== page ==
Poets’ Corner: Rosemerry, 2 for Father’s Day

Poets’ Corner: Rosemerry, 2 for Father’s Day

During the 1920s and 1930s, a movement arose to scrap Mother’s Day and Father’s Day altogether in favor of a single holiday: Parents’ Day. Every year on Mother’s Day, pro-Parents’ Day groups rallied in New York City’s Central Park – a public reminder, said Parents’ Day activist and radio performer Robert Spere, “that both parents should be loved and respected together.” 

Paradoxically, however, the Depression derailed that effort to combine and de-commercialize the holidays. Struggling retailers and advertisers redoubled their efforts to make Father’s Day a “second Christmas” for men, promoting goods such as neckties, hats, socks, pipes and tobacco, golf clubs and other sporting goods, and greeting cards.

When World War II began, advertisers began to argue that celebrating Father’s Day was a way to honor American troops and support the war effort. By the end of the war, Father’s Day may not have been a federal holiday, but it was a national institution.

In 1972, in the middle of a hard-fought presidential re-election campaign, Richard Nixon signed a proclamation making Father’s Day a federal holiday at last.

The third Sunday of June is now all about celebrating the many ways fathers and father figures make a positive difference in the lives of their children – although some fathers are saints; some Santini.  Some can be both depending on the day,  faking Santini to make a point. (See below.)

Or, as in Word Woman Rosemerry Wahtola Trommer‘s singular case, he is mainly the man with a plan.

Honor thy father?

Rosemerry’s gift-wrapped words certainly do.

(And flash: Telluride’s Word Woman just announced a new book. Hush” is the winner of the Halcyon Prize for poems on human ecology. More on the local celebration of the release planned for July.)

By Example

He taught me you can never have too much love
or too much ice cream in the freezer. That it matters
how you shake someone’s hand. He taught me

to pile wet seaweed on a bare patch of dirt
so the earthworms will come to the surface.
He taught me how to cast, to set the hook, to filet.

He taught me to cheer for myself. Once,
he taught me to say no, and to mean it,
and we shouted it over and over into the phone,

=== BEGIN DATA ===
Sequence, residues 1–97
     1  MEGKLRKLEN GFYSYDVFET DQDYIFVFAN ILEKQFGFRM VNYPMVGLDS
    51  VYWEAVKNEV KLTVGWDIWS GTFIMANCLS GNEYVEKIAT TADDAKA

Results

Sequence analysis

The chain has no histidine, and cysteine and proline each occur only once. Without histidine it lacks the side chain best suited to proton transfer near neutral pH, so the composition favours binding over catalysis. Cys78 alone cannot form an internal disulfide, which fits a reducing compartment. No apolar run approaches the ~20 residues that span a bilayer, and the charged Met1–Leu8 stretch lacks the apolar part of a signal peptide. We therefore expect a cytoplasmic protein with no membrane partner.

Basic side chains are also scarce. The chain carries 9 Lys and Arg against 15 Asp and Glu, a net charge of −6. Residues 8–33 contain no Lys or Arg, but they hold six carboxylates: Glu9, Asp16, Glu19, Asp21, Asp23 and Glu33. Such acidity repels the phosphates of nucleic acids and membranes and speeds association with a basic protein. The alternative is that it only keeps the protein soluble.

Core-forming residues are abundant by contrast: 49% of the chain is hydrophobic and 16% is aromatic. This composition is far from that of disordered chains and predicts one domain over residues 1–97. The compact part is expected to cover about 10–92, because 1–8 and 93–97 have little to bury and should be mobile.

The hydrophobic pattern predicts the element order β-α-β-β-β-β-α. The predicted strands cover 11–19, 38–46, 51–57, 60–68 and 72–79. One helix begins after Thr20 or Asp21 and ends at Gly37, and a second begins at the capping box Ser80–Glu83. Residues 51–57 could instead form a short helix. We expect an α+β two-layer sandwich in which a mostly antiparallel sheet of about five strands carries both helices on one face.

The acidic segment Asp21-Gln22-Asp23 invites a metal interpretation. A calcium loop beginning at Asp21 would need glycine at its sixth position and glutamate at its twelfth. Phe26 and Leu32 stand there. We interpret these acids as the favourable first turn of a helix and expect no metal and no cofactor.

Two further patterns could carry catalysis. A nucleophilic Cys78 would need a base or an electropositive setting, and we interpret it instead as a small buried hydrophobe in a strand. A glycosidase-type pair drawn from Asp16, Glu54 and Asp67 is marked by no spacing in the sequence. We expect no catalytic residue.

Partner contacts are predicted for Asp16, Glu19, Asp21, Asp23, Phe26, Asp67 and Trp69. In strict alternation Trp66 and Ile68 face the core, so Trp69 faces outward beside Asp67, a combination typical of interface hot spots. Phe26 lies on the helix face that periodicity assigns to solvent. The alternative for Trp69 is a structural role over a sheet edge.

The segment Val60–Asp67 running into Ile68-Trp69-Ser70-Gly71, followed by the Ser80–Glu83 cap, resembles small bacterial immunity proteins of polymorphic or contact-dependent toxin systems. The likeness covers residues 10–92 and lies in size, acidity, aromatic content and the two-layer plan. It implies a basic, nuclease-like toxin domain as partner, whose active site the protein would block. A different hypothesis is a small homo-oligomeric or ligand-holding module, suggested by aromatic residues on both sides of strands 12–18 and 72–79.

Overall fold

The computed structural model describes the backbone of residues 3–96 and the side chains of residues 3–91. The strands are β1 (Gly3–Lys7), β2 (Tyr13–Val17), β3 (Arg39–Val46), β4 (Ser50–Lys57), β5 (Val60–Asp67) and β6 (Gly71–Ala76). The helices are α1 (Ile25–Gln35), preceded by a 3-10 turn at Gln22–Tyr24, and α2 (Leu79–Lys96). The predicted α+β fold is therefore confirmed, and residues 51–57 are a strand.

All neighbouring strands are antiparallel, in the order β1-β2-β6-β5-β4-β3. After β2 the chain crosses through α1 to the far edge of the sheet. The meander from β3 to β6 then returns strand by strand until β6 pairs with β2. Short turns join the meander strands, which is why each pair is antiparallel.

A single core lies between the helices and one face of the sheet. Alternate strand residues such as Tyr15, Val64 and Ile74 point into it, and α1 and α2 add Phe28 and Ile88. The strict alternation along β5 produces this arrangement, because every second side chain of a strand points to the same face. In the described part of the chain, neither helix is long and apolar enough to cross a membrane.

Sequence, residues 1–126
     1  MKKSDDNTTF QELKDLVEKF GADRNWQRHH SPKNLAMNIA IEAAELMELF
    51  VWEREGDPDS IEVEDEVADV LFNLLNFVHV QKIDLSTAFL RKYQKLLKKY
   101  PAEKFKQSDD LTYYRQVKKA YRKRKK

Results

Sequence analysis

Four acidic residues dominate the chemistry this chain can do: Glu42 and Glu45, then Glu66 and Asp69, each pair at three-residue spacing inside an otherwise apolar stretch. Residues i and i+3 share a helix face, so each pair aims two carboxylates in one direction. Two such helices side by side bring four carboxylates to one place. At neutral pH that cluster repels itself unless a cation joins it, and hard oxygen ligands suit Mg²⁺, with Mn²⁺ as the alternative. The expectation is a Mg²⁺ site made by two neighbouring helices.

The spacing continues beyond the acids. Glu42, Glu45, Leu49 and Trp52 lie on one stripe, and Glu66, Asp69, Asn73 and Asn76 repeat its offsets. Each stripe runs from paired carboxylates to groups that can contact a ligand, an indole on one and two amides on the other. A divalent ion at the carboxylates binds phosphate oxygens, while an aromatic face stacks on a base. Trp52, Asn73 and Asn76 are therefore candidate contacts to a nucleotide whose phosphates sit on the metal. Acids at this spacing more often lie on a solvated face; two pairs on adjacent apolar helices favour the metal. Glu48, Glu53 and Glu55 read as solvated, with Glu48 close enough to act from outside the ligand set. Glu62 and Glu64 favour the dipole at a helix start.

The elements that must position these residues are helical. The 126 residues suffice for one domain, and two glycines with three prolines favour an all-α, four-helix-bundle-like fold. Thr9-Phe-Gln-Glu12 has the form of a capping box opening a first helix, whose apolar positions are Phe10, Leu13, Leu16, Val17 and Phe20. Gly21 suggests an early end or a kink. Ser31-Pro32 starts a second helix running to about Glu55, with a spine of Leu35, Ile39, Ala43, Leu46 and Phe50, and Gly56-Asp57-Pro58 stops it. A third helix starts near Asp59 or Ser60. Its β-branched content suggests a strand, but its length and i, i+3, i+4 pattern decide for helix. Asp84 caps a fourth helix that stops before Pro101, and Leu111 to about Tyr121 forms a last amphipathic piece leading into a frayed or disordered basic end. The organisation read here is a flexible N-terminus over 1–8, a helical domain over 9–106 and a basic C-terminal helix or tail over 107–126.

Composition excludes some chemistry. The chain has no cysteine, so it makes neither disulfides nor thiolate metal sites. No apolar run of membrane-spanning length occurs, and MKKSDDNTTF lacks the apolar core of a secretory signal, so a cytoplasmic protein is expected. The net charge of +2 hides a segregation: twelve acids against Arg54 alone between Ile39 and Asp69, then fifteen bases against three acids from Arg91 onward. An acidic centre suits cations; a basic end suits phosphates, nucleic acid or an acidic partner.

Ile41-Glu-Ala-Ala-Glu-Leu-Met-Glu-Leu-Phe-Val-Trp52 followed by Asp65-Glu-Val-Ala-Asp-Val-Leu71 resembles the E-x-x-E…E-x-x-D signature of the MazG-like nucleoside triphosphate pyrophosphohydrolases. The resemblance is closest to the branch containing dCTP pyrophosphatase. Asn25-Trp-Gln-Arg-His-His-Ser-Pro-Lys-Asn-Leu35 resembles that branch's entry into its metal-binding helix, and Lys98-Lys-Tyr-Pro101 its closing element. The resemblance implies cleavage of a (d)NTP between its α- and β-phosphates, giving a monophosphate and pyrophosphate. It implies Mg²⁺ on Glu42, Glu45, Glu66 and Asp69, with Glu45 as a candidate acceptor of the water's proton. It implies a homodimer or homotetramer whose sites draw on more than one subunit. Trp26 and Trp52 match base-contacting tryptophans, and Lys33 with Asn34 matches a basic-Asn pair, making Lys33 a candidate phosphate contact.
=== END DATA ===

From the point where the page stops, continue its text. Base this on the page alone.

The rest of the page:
our voices a joyful chorus of refusal. He taught me
that despite unceasing pain, you can still
be grateful to be alive. That it is possible

to love someone very different from you.
That you can go to different schools together.
He taught me to take life seriously, and then

to speak in made up languages and giggle till you cry.
He taught me you can’t save everyone, but
you can save a few. And it’s important that you do.


I Should Have Raised Dogs

I should have raised dogs.
That’s what my father always said
when I did something stupid.
Like when my friend and I were twelve
and we snuck into Raiders of the Lost Ark
with two seventeen-year old boys.
And there was dad, waiting
outside the theater looking like
exactly what he was — a rabid dad
hellbent on scaring the shit out of any boy
who might have unvirtuous thoughts
about his girl. He never said
what kind of dogs—poodles or labs
or mutts. I can just see him
walking the corridor of his kennel,
all the dogs barking. But dogs weren’t
his calling—the crates, the training,
special diets, vets. No,
he was the master of loving me
through my crazy mistakes
and my hormonal angst and my sudden refusal
to eat meat. I still smile thinking of
the way he would sit on the couch
and hold his arm open for me
to come sit beside him then snuggle.
The way he bought me a book
to decode my dreams. The way he took me
to piano lessons every Saturday
morning, then took me out for brunch
so we could talk. The way he still listens
when I’ve done something stupid
and then tells me he loves me.
Never once, despite all his lamentations,
did I think he would exchange me
for a chihuahua or beagle. No, there
was something almost sweet in his wish,
a hint of surrender in it, the sound
of his heart opening just a little bit wider
to let in the world, unleashed as it is.

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